[ntp:questions] GPS Jammers in Use by Criminals - Warping Time for Fraud Suggested
davehart at gmail.com
Thu Feb 23 22:53:56 UTC 2012
On Thu, Feb 23, 2012 at 21:40, unruh <unruh at invalid.ca> wrote:
> On 2012-02-23, Richard B. Gilbert <rgilbert88 at comcast.net> wrote:
>> In the U.S. 60 cycle Alternating Current is the standard and the source
>> of time. It's not going to give you the nanoseconds but very few people
>> could even explain what a nanosecond is let alone needing nanosecond
> It is neither a standard nor is it a "source of time". The requirement
> is that the phase of the 60Hz be the same across the country, so
> electricity can be traded between generation facilities without one
> source shorting out the other.
That sounds a bit oversimplified. In the US, there are three
different grids, with some DC interconnections.
> That does not require frequency accuracy,
> just that the frequency of all the generators be the same and the phase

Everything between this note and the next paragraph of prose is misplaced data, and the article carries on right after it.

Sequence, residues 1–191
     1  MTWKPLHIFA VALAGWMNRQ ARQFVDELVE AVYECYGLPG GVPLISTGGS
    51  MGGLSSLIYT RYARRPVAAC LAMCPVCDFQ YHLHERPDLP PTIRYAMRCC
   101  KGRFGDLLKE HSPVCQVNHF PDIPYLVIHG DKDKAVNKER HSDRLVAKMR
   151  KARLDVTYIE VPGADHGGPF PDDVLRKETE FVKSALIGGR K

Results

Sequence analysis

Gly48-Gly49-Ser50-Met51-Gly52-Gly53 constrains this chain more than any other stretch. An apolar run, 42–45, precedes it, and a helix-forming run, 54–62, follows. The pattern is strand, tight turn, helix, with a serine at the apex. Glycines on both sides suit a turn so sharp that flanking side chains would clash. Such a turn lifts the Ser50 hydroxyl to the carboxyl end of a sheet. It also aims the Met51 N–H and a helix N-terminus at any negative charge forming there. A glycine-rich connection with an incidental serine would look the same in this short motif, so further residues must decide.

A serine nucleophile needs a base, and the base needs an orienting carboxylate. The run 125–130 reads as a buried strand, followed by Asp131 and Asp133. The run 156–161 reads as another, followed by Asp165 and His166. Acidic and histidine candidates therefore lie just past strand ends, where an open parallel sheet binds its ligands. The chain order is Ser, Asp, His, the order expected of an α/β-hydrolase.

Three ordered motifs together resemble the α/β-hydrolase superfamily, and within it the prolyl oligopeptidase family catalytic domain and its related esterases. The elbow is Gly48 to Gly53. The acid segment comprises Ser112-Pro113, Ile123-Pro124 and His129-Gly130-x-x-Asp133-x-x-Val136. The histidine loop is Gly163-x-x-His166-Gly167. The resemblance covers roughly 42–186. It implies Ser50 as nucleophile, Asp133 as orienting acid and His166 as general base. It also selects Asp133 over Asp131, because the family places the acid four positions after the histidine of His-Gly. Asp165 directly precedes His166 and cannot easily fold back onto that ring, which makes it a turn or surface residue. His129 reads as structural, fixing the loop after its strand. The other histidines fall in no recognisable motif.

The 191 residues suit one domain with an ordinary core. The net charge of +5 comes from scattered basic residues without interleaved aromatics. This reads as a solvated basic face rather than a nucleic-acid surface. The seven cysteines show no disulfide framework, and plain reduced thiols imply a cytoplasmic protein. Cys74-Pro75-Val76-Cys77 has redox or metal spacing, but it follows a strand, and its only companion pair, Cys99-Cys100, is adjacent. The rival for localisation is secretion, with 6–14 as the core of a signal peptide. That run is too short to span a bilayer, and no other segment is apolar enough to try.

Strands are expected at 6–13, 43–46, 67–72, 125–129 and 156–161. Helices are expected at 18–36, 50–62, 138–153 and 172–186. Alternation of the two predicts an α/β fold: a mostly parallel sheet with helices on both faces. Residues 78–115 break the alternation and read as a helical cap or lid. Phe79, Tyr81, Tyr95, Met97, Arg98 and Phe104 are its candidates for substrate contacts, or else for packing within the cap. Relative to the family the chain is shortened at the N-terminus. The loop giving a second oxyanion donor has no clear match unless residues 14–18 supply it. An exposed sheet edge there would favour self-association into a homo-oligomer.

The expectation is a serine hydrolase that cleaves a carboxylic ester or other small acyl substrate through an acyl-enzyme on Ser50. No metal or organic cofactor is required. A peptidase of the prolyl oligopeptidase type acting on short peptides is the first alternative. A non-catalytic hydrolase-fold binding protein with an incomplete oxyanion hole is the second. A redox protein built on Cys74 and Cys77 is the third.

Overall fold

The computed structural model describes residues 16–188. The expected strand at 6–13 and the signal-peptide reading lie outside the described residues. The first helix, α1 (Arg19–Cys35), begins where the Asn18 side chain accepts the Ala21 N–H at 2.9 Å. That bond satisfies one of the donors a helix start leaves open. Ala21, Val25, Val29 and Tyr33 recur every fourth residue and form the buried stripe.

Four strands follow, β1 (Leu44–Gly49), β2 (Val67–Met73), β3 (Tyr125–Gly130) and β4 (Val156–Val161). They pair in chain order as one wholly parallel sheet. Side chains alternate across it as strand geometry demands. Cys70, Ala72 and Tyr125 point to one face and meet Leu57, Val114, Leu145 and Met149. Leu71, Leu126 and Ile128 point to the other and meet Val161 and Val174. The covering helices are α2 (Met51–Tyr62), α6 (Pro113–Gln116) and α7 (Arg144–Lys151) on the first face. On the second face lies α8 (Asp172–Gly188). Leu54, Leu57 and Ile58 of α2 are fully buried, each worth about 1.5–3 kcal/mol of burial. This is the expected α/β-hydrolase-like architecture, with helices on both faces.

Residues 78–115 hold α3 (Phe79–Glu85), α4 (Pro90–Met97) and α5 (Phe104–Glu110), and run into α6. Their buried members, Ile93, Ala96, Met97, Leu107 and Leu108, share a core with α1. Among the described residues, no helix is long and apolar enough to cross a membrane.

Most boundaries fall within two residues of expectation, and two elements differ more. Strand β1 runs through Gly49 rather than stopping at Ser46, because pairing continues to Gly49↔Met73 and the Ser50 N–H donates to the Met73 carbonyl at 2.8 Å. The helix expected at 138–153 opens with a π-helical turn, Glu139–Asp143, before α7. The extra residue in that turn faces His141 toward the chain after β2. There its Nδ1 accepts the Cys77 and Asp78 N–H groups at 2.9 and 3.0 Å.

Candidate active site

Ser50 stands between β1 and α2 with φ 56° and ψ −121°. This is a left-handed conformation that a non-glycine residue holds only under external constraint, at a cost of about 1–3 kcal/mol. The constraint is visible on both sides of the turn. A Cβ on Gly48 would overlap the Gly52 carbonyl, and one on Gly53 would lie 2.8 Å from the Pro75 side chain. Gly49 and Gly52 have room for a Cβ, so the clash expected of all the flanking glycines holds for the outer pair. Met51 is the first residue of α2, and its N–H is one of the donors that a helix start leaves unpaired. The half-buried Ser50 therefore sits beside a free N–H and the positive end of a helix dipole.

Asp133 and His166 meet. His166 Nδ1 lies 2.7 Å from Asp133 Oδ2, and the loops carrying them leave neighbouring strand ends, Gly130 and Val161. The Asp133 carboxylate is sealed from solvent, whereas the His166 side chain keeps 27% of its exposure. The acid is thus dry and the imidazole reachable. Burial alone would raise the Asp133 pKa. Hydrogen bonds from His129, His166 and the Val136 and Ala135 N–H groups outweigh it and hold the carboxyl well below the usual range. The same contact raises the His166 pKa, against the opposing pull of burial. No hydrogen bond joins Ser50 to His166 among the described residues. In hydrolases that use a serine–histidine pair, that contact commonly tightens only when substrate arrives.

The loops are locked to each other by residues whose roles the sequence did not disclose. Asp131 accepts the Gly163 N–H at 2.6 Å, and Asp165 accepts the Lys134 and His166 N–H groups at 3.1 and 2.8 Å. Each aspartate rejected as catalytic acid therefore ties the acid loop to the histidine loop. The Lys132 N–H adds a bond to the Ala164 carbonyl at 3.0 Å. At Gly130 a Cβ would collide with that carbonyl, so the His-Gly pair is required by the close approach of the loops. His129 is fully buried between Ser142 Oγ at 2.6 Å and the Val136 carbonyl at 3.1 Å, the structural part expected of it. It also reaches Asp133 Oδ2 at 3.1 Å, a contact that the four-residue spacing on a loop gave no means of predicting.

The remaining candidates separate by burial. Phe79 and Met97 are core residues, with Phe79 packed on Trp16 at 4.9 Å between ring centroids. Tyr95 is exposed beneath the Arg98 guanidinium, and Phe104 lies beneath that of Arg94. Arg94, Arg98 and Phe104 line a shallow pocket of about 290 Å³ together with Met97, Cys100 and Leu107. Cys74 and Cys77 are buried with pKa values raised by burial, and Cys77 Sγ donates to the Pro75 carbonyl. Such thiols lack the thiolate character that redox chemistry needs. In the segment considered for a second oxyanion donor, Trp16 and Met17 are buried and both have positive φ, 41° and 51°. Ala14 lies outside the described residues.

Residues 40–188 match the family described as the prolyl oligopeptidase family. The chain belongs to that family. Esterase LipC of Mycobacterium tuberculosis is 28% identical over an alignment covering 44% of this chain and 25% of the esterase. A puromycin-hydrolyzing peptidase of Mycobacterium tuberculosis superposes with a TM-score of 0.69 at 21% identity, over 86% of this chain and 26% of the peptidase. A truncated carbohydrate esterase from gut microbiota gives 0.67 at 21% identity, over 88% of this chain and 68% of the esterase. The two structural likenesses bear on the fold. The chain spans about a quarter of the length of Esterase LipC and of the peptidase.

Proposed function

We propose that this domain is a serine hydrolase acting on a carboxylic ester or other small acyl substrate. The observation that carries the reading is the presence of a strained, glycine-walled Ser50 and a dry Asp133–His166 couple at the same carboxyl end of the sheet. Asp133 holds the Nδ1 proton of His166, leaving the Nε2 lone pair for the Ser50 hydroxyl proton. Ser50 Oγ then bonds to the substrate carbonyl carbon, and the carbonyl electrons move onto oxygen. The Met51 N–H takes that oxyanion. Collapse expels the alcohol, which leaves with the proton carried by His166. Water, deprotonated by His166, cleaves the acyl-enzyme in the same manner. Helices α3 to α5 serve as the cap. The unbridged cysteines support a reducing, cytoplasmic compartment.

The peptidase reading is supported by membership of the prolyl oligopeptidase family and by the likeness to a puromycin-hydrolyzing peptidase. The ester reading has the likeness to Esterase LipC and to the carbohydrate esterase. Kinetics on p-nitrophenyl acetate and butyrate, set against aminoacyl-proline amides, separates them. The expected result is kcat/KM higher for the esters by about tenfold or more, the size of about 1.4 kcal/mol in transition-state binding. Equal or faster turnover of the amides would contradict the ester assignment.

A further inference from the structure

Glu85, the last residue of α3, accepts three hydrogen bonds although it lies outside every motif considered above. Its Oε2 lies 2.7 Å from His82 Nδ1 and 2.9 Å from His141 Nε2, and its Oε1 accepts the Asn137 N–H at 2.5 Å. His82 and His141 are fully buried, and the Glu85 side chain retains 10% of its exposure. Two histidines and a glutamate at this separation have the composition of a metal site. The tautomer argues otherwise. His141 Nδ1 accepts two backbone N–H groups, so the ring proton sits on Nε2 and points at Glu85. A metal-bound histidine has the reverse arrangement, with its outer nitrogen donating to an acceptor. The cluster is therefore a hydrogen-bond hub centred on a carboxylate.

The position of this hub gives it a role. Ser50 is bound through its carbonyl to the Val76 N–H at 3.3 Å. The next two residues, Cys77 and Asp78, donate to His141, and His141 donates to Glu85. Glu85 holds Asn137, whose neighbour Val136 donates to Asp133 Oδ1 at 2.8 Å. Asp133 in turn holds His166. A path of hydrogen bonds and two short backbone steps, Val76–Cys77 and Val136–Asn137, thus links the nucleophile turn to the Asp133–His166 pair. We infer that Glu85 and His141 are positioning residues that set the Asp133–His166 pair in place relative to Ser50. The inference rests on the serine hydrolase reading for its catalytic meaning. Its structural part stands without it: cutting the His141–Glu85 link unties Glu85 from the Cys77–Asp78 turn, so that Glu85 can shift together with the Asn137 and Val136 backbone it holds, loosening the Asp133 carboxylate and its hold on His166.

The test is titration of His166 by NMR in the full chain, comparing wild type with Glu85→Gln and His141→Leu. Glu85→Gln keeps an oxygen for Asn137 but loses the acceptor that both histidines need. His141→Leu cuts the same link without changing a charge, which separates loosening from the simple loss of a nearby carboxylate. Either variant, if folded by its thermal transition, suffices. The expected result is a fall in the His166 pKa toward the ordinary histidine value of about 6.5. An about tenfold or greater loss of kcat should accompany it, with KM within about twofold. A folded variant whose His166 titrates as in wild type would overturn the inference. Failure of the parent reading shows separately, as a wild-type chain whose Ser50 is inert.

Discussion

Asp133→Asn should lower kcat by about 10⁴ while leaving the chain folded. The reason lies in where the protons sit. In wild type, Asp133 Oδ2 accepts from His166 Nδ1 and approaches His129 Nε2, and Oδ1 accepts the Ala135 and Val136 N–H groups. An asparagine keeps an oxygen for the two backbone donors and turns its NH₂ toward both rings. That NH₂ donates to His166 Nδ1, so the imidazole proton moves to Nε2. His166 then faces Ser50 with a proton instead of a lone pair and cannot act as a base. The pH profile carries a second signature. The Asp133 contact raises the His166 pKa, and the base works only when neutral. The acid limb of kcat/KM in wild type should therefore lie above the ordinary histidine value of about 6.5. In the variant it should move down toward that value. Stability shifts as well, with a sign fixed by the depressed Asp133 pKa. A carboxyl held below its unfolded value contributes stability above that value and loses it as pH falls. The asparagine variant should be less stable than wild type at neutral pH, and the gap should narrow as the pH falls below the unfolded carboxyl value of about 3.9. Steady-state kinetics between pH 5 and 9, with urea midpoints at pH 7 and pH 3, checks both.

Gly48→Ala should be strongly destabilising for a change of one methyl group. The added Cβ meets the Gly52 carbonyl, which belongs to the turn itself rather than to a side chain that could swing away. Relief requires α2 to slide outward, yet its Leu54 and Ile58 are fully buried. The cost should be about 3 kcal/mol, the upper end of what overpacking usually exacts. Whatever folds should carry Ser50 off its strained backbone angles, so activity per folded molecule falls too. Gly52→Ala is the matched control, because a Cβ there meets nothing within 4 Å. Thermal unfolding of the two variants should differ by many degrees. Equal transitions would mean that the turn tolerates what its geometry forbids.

> difference be less than a ms or so.
> Because the easiest way to ensure phase coherence is to demand frequency
> coherence and use a standard, like UTC, as a reference, they do tend to
> be close.
Load skews frequency, and each grid's frequency runs a bit slow during
peak load times. The generators do not sync to 60 Hz, they sync to a
nearby value that is the grid frequency at any instant.
> But the requirement is phase coherence not time accuracy and
> the latter will be jettisoned in favour of the former.
Yes but only to a limited extent, so far. Because of the prevalence
of clocks that do rely on the grid for timekeeping, each day the
frequency is intentionally boosted on each of the 3 US grids during
non-peak periods to compensate for the missing cycles from the
load-induced slowdown. At the end of the day the total number of
cycles should be near nominal, insulating such clocks from
accumulating offsets day to day due to the interaction of AC generator
load and frequency. Given the dwinding number of such clocks and
relatively arcane grid operational reasons, there's been some movement
to abandon the corrections, which seems to be stalled at the moment.
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